"I think it's clear that this whole house of cards he had built, all this deception, had come to an end. He had been found out. His wife discovered his deception and confronted him with it, and I just think he just saw his whole world collapsing and broke down," the father, Douglas Hacking, told The Associated Press.
"He just snapped, and did something there's no explanation for. That's the only way I can envision it," he said.
Hacking said he based his belief in part on reports that Lori Hacking, 27, left work stunned and sobbing on July 16, three days before her husband, a 28-year-old hospital orderly, reported her missing. Colleagues at the brokerage firm where she worked told the AP they believe an administrator at a North Carolina medical school had called her back to say Mark Hacking wasn't enrolled there.
Early on, Douglas Hacking said he looked his son in the eyes and asked if he had anything to do with Lori's July 19 disappearance.
He said Mark denied it, then revealed to his brothers Scott and Lance on July 24 at a psychiatric ward that he had killed his wife in bed while she slept and threw her body in a trash bin.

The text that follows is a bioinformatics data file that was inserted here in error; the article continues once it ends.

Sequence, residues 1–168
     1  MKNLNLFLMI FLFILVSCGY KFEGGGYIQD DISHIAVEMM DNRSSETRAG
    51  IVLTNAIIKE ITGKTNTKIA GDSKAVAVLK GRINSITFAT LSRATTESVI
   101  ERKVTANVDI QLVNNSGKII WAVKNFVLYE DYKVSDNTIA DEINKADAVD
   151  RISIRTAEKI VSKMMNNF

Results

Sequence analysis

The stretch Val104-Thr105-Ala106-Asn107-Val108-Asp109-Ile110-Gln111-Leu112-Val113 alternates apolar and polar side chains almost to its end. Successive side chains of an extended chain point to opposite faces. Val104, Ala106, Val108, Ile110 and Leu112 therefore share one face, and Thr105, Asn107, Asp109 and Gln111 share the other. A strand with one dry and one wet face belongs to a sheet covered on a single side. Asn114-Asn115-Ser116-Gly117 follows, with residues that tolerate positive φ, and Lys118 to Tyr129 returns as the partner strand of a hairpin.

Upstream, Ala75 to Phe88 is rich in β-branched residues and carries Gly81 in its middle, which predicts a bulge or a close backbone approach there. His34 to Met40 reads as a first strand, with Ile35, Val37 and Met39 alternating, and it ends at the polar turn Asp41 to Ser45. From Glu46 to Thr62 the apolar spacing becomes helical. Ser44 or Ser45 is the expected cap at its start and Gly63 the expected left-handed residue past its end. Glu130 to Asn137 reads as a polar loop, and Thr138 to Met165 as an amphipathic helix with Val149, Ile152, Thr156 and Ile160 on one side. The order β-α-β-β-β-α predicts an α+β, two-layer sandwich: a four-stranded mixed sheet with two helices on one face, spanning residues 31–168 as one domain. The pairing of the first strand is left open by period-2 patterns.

Both Scott and his father are physicians, and Lance Hacking is an electronics engineer. Douglas Hacking said he believed Mark probably felt pressured by his family's achievements.
Hacking has said he was "completely blindsided" by Mark's deceptions. Now the father says he's trying to reconstruct his son's life. He said he hasn't spoken lately to Mark, who was jailed Monday on suspicion of murder.
For years, Mark Hacking allegedly lied to his wife, family and friends about his education and career plans. Not only wasn't he enrolled at medical school, he hadn't applied. Nor had he graduated from the University of Utah. Yet he and his wife were packing for the move to Chapel Hill, N.C., and his deceptions were coming to an end, his father said.
On Thursday, a judge extended to Monday the deadline for District Attorney David Yocom to file charges in the case.
Authorities believe Lori Hacking's remains will turn up in a municipal landfill, where they are continuing to search with the assistance of police dogs.
It could take a month for police and dogs to plow through 3,000 tons of compacted garbage buried 20-feet deep over an area of two football fields, and "luck is going to play in this whole thing," Detective Phil Eslinger said.
By Paul Foy